For our ID management platform (what you used to authenticate to this forum), I have a SocialAuthController.php that handles the callback from any social network that we have enabled:

class SocialAuthController extends Controller
{
    public function __construct()
    {

    }

    public function socialRedirect( $network )
    {
        ...
    }

    public function socialCallback( $network )
    {
        ...
    }
}

Account Service to Handle Finding or Creating a User

I’m glad to see this as a service! I definitely abstract all functionality into services to make for smaller controllers. My methodology is small route files (no closures). Controllers apply security (middleware, policies) and then direct the functionality off to a service. This way I can break down the logic into smaller components making it easier to maintain.

With Social authentication I find there are a ton of checks to take place before authenticating/registering a new user. By creating a service, you can break down all of the checks into smaller components and build up functionality in a maintainable fashion. I tend to follow a similar structure as your service where I perform the checks and return a response based on the outcome.

The only difference I have in my controllers is I try to send all functionality to a service and just return the result through the controller. So with the example above, I’d authenticate the user within the service if it passes and return the status code and redirect from the controller:

public function socialCallback( $network )
    {
        $socialUser = new ManageSocialUser( $network );
        $socialAuthRedirect = $socialUser->handleAuthentication();
        
        if( Auth::user()->profile_completed == null ){
            return redirect('/welcome');
        } else if( Session::has('nonce') ){
            $discourseSSO = new SSODiscourse( '', '' );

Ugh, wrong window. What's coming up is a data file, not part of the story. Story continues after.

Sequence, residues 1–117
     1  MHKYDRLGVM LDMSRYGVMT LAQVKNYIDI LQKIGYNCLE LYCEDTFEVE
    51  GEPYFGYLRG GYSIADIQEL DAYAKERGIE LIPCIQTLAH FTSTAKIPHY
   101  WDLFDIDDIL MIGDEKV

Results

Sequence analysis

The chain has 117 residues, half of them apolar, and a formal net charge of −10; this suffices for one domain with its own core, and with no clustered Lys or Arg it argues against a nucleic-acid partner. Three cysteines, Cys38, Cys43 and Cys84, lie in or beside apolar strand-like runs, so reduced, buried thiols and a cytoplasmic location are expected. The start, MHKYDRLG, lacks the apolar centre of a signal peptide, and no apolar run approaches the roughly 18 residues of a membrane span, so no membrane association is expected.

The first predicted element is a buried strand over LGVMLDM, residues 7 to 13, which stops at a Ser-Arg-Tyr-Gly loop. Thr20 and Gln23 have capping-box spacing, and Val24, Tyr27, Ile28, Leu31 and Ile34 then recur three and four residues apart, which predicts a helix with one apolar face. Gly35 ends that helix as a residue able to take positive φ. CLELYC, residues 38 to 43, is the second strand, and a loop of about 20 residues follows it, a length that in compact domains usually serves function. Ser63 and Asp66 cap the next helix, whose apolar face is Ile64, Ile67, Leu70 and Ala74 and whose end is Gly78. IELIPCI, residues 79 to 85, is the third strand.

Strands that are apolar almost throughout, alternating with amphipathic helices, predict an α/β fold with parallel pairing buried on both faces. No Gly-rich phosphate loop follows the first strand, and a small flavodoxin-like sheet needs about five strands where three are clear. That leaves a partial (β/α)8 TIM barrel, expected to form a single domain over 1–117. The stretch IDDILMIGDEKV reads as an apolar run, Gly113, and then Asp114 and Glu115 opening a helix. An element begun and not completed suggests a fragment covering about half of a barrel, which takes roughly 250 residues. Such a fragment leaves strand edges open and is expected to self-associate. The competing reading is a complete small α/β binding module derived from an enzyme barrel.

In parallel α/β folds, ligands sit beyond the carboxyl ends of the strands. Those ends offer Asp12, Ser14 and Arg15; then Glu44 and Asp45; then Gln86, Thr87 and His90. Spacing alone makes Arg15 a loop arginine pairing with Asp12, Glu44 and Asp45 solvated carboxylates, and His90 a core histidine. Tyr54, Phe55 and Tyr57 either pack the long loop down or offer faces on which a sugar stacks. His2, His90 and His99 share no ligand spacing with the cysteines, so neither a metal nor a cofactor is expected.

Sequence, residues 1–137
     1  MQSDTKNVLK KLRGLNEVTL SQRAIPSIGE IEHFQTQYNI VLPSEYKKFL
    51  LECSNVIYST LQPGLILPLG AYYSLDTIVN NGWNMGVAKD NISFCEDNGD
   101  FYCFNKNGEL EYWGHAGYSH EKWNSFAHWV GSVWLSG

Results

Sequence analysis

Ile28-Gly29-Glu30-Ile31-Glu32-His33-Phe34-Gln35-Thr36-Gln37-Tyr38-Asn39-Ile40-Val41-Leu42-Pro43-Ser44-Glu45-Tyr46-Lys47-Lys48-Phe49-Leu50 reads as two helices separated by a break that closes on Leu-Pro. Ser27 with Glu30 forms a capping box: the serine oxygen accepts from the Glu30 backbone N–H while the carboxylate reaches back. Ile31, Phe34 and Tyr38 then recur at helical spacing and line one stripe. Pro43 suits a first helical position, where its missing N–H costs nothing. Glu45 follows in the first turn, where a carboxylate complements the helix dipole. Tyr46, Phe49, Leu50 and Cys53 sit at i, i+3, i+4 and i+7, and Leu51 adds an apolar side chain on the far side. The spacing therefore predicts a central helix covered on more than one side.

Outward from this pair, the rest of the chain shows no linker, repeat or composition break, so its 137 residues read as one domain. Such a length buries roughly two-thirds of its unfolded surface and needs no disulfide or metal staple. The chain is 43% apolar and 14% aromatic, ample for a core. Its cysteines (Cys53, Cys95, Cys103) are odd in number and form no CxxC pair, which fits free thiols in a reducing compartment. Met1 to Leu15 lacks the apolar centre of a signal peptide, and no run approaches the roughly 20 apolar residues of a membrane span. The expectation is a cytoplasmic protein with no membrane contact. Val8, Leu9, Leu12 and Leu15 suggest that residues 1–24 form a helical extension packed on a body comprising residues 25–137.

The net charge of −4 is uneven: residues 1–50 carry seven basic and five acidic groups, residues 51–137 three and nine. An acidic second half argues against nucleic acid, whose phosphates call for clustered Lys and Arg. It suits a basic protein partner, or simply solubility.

return redirect( $discourseSSO->authenticateRegistration() );
        }else{
            return $socialAuthRedirect;
        }
    }

I pass all of the functionality to my ManageSocialUser service and then return the redirect from my controller. Preferably, I’d have even less in my controller than that, but sometimes it’s impossible.

Hope that helps a little bit! Let me know if you have any more questions too. I’d love to hear your feedback as well.

Thanks Dan, I do like your method of moving the all functionality to a service so the controller remains clean. That makes perfect sense from a support and extensibility standpoint and its clear I was 1/2 there. Def a place for me to improve.

My next thought I go back and forth on: If the email address from a provider (say your GH email) changes, do you update the existing one for that user or not, or do you even store it to begin with. Pros: ok cool the user doesn’t need to change an email. Cons: Maybe they don’t want the email changed and security?

1 Like

This is a great question. I have some UX thoughts but would love to hear @danpastori first :smiley:

For sure! I started doing that after reading Clean Code: Clean Code: A Handbook of Agile Software Craftsmanship: Robert C. Martin: 9780132350884: Amazon.com: Books. One of the most valuable books I’ve ever read (or at least 3/4 read I’m still reading lol). It applies to any language and goes through some of the bigger concepts of structuring apps in general. Once I started moving everything out of the controller and into services it made the code so much easier to maintain and read. I could break up code into smaller classes and reuse it in multiple places within the app.

As with the email address, this is a unique scenario. I’ve touched a few times near this, so I’ll share thoughts, but open to others as well. We usually use the email address right away on user sign up to send a validation email. With Social auth, that’s not the case, the user is already not a bot since they signed up with a social account. This removes the need for managing the email address from the social provider.